Mink: Crayfish, lizards, mice, rabbits, frogs, and anything that lives in or near water!
Striped skunk: These critters are omnivores, but prefer mice, egges, insects, and sometimes even chickens.

Home of Opportunity: Minks, skunks, and weasels will dig burrows for their nests, use rock or wood piles, hollow logs, and even take advantage of the abandoned burrows built by other animals.

Keep your distance! The skunk is well-known for the smell it uses to deter predators, but many people don't realize it can spray from up to 10 feet away. It's best to give them plenty of space if you cross paths with one in the wild!
 
Meadow Jumping Mouse
Meadow Jumping Mouse

Public Domain/U.S. Fish and Wildlife Service

Mice, Rats, Lemmings, and Voles (Cricetidae)

Common names:
Western Harvest Mouse, Deer Mouse, White-Footed Mouse, House Mouse, Meadow Jumping Mouse, Meadow Vole, and Muskrat

Size: All of the mice within the Monument are between 5-10" long (including the tail). Meadow voles are roughly 5-7" and muskrats average about 20" long. The mice and vole only weigh a couple of ounces or less, but the muskrat comes in at 1.5-4 lbs.

Appearance:
The mice: Many of the mice within the Monument can be difficult to distinguish from one another. One exception would be the meadow jumping mouse, which has a very long tail, long hind feet for jumping, short forelimbs, and a dark dorsal band.
Meadow vole: A short-tailed, cylindrical body with brown chestnut fur and gray undersides.
Muskrat: A cousin to the beaver, these large aquatic rodents look very similar, except they have a long, rat-like, and almost hairless tail. Their very round bodies are supported by extremely short legs.

Diet:
The mice: Seeds, grasses, berries, and insects
Meadow vole: Plants, grains, tree bark, roots and berries (especially cranberries!)
Muskrat: Mostly vegetarian (leaves, roots, cattails, fruit, etc.), but will eat fish, turtles, and snails.

Prairie Protection: The mice and voles take advantage of the tallgrass prairie and construct nests in little burrows for protection. Muskrats will build beaver-like lodges along water banks, though they are smaller than beaver lodges and are made out of plants like cattails instead of branches and logs.
 
White-Tailed Jackrabbit
White-Tailed Jackrabbit

Public Domain/Credit: Tom Koerner, U.S. Fish and Wildlife Service

Hares and Rabbits (Leporidae)

Common names:
White-Tailed Jackrabbit and Eastern Cottontail

Size:
White-tailed jackrabbit: 1.5-2' long, 5-10 lbs.
Eastern cottontail: 12-16" long, 2-3 lbs.

Appearance:
White-tailed jackrabbit: These hares are grayish-brown with a pale underside, but turn white everywhere except their ears in the winter (this only happens in northern climates). They have extremely long ears and powerfully long hind legs.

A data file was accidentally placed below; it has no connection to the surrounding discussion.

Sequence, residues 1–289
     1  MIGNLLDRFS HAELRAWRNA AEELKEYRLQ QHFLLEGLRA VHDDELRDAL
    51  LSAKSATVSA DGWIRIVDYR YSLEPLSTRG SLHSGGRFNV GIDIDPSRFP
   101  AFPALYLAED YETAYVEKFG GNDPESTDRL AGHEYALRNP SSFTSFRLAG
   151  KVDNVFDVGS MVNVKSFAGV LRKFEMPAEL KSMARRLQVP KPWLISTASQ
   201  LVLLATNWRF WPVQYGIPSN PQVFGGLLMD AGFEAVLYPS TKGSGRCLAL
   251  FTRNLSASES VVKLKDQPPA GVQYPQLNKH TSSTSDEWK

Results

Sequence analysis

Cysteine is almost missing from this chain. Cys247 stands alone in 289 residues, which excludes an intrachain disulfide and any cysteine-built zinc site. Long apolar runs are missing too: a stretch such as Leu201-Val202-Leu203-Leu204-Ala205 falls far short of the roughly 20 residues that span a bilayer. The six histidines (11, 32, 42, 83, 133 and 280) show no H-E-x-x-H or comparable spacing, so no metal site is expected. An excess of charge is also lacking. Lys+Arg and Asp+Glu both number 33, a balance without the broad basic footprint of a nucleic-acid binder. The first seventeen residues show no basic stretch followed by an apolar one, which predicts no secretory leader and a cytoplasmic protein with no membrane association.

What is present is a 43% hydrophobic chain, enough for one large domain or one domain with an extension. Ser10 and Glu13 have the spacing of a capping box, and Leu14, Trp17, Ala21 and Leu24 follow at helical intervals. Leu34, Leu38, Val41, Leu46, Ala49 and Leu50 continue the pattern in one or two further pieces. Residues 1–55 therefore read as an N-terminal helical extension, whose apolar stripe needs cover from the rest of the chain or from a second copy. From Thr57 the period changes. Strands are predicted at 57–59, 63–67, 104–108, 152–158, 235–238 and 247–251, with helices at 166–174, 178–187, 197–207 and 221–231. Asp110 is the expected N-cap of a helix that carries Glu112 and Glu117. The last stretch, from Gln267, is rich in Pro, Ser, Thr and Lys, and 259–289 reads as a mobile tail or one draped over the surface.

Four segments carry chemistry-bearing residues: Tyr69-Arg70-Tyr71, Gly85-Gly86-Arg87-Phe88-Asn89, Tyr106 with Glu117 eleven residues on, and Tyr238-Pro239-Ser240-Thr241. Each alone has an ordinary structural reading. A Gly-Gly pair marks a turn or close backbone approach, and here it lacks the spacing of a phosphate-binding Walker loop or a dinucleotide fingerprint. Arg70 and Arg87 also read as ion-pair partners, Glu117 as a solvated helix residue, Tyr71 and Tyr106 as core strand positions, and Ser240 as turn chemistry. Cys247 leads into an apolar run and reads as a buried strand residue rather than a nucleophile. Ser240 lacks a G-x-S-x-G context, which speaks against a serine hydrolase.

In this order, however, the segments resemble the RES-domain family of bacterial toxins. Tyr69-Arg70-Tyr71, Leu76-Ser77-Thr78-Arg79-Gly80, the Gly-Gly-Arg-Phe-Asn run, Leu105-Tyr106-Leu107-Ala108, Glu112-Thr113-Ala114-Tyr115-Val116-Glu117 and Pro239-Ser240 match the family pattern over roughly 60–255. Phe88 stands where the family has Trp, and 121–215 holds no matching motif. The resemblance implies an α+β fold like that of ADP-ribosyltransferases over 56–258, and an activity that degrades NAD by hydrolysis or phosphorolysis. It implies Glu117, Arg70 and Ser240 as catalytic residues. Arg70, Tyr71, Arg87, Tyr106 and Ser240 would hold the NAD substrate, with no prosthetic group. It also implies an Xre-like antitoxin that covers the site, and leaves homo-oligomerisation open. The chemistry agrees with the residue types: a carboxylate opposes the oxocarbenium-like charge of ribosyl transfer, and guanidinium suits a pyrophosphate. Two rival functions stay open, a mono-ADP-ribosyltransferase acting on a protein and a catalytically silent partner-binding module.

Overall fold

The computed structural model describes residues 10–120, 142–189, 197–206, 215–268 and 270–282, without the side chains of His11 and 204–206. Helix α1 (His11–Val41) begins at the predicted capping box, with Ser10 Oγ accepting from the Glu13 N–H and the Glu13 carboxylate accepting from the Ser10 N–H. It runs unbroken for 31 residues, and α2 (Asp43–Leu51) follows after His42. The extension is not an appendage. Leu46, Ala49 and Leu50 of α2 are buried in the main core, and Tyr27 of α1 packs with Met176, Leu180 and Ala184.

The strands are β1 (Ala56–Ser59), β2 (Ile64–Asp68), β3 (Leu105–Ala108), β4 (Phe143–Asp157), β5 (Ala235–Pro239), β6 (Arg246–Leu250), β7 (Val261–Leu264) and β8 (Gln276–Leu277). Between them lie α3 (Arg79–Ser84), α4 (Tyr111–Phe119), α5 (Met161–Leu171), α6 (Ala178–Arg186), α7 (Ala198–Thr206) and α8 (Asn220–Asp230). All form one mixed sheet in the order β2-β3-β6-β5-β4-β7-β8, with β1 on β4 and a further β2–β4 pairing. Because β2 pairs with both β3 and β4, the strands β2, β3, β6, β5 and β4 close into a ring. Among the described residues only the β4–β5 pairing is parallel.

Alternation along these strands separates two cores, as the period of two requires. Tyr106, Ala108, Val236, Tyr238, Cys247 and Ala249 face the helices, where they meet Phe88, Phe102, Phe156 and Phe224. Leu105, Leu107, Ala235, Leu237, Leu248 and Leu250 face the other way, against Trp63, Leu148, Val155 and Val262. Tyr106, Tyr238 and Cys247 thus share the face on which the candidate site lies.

Eastern cottontail: A small grayish-brown rabbit with a rusty-looking patch on the back of its neck. The tail is white, like cotton.

Diet: Both of these mammals eat a variety of plants, seeds, and grasses. They will even resort to eating their own droppings as a source of protein.

The 'jackrabbit' is not a rabbit at all! Jackrabbits are actually hares - the dominant difference being that their babies are born with their eyes open, ready to move, and already have fur. Rabbit newborns are blind and naked.

Fun facts from the hare and rabbit family!
White-tailed jackrabbit: When startled, this hare tends to bound almost like a kangaroo, but upon accelartion can reach 40 mph in 10' leaps (compared to the eastern cottontail's 15 mph zig-zag).
Eastern cottontail: When these rabbits eat buckthorn, they end up excreting a chemical from the plant in their urine that turns blue in sunlight. So if you come across blue snow, that's likely the reason! This species is also a prolific breeder - a single pair can produce 350,000 descendents in 5 years.
 
White-Tailed Deer at Three Maidens
White-tailed deer at the Three Maidens

NPS/N. Barber

White-Tailed Deer (Odocoileus viginianus)

Size:
4-6' long, 2-3' tall at the shoulder, 85-130 lbs. (females/does), 100-300 lbs. (males/bucks)

Appearance: Reddish-brown (summer) or grayish-brown (winter) with a 12" white tail it lifts when running. Males have antlers they regrow annually. Young fawns are light brown and covered in white spots.

Diet: Acorns, grass, tree leaves, wild grapes, shrubs, twigs, bark, corn, and soybeans.

Their Timing and Ours: These mammals are most active at dawn and dusk as they search for food - when many humans are leaving for work or driving home and visibility is poor, which is why so many collisions with deer occur. If you see one cross the road, remember that they are almost never alone and at least one more deer is probably not too far behind!
 

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    Last updated: October 21, 2019